Aspen Ladd’s statement after her flubbed weigh-in, posted on Twitter. Note that this response was released around the same time as her aforementioned Instagram post.

In her post, Ladd also mentioned that she was unable to reach her weight division’s cutoff due to water retention from her menstrual cycle; in fact, the reason she appeared shaky on the scale was that she didn’t want to “bleed in front of the media.” 

However, despite the fact that period weight gain is a very real and widespread phenomenon, one major UFC figure seemed to suspect deception on her part. “It’s one thing to miss weight, it’s another thing to try and cheat the scale and use every excuse in the book to not weigh in properly,” Bantamweight fighter Miesha Tate remarked. “Everyone saw you cheat and [you] still came in a lb over. I bet you were every bit of 139.”

Of course, Ladd has had many controversies in the past regarding her weight. During the weigh-in for her fight against Germaine de Randamie in 2019, she was visibly shaking on the scale just like she was last Friday. She managed to make the weight cutoff, but ended up getting her license suspended for months due to gaining twenty more pounds afterwards and fighting against de Randamie while way over the limit. Ladd and her coach may deserve criticism for not coming clean about her weight for that match (since, as mentioned previously, large weight disparities in fights are how people get seriously hurt), and the pot-stirrers piping up after last Friday’s events are considered vital to the UFC’s brand. But aren’t accusations of cheating over a menstrual cycle a bit much?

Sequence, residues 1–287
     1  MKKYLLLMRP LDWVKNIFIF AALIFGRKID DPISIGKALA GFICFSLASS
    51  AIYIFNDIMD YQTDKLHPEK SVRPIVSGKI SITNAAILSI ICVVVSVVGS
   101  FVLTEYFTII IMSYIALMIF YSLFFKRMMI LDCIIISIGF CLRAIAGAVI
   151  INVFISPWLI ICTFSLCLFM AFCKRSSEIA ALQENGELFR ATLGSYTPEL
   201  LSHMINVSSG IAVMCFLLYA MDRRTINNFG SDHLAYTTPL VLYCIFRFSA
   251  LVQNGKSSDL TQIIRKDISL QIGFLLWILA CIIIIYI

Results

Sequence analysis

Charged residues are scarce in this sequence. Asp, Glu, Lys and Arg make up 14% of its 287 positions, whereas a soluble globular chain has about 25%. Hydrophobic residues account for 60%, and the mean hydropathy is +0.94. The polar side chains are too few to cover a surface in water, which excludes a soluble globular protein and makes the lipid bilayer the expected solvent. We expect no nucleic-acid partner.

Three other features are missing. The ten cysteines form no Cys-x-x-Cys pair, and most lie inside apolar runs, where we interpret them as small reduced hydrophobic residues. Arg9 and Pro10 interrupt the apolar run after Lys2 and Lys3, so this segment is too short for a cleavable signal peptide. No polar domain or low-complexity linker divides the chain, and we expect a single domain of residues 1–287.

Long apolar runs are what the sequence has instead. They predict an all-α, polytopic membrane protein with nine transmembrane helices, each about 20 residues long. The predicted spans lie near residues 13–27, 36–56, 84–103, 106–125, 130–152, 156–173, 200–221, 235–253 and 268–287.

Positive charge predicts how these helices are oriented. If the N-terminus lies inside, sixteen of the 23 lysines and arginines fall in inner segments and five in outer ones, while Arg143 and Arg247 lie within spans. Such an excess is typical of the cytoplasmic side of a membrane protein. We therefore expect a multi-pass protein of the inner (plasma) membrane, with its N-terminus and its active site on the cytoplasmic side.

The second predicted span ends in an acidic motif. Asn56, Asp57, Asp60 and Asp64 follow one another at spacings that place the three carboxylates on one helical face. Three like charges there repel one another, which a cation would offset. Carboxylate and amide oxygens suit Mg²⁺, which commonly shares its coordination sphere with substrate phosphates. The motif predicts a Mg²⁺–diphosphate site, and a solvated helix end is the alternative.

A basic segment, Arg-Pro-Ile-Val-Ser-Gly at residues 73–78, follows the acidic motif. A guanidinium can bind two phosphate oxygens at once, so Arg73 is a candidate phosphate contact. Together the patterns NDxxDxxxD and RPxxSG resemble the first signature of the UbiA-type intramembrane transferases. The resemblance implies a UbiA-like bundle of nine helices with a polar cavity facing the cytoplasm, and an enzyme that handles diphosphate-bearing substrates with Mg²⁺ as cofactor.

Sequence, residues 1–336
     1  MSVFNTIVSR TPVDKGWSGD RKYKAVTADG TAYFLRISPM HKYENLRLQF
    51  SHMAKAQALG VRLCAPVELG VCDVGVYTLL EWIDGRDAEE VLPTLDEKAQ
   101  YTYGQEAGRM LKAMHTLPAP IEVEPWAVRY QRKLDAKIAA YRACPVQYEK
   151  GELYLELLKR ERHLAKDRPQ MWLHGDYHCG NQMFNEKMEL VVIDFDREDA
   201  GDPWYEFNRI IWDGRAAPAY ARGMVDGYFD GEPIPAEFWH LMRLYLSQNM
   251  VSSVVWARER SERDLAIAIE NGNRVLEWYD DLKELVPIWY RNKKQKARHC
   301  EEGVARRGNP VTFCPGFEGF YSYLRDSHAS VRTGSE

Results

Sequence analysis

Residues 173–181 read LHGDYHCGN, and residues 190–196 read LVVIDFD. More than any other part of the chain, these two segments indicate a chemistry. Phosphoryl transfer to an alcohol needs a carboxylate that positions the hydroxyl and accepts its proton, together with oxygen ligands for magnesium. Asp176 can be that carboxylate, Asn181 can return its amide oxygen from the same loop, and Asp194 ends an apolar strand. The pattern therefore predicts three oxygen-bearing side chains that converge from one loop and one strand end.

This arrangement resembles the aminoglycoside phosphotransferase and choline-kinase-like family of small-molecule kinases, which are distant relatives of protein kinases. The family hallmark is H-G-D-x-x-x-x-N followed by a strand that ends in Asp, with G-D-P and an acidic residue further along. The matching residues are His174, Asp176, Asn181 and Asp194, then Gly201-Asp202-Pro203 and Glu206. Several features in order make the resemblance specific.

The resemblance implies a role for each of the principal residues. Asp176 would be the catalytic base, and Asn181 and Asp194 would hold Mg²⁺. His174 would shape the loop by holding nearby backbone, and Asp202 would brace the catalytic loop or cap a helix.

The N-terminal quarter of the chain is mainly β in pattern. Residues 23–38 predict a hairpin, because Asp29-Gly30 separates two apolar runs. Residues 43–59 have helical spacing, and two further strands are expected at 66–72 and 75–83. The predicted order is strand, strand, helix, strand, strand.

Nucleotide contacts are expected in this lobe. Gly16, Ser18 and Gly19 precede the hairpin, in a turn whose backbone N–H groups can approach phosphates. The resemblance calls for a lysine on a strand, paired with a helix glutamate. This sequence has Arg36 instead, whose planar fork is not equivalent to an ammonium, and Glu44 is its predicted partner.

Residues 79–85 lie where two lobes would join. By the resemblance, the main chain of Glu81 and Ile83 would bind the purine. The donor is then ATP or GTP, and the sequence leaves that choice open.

Additionally, Ladd’s suggestion that she “would get slammed” regardless of whatever valid explanation she gave for what happened on Friday suggests something rather icky about discussions of weight in the UFC. While taking responsibility in situations like these is necessary, no one should feel immense guilt or be ripped to shreds online over accidentally gaining a few pounds, and no male sports commentator or fan should EVER feel comfortable with making weird and condescending comments like these about female athletes. Hopefully, as Ladd recovers, fans will be a bit more understanding of not just her plight, but the rather harmful lengths that plenty of UFC athletes have to go to in their struggle to weigh-in properly.

Ladd might not be back in action this week, but other talented UFC fighters certainly will. The fight between Strawweight athletes Mackenzie Dern and Marina Rodriguez will headline the UFC Fight Night taking place on October 9th. A Flyweight match-up between Mariya Agapova and Sabrina Mazo is also on the card; the latter fighter will attempt to drop down to 125 pounds in order to be eligible for the weight class. 

If you haven’t been following UFC until now, now is a great time to start. We’ll do our best to keep you posted on all of the action here at She Plays.

A full schedule of every upcoming UFC match can be found here.